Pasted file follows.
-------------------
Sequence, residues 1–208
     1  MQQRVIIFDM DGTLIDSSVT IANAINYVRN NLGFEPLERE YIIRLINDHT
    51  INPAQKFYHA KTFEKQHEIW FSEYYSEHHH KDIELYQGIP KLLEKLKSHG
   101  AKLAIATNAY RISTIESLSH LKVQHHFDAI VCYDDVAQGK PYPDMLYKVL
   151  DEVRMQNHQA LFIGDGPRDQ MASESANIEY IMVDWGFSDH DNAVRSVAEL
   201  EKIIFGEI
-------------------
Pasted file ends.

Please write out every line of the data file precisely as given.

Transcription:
Sequence, residues 1–208
     1  MQQRVIIFDM DGTLIDSSVT IANAINYVRN NLGFEPLERE YIIRLINDHT
    51  INPAQKFYHA KTFEKQHEIW FSEYYSEHHH KDIELYQGIP KLLEKLKSHG
   101  AKLAIATNAY RISTIESLSH LKVQHHFDAI VCYDDVAQGK PYPDMLYKVL
   151  DEVRMQNHQA LFIGDGPRDQ MASESANIEY IMVDWGFSDH DNAVRSVAEL
   201  EKIIFGEI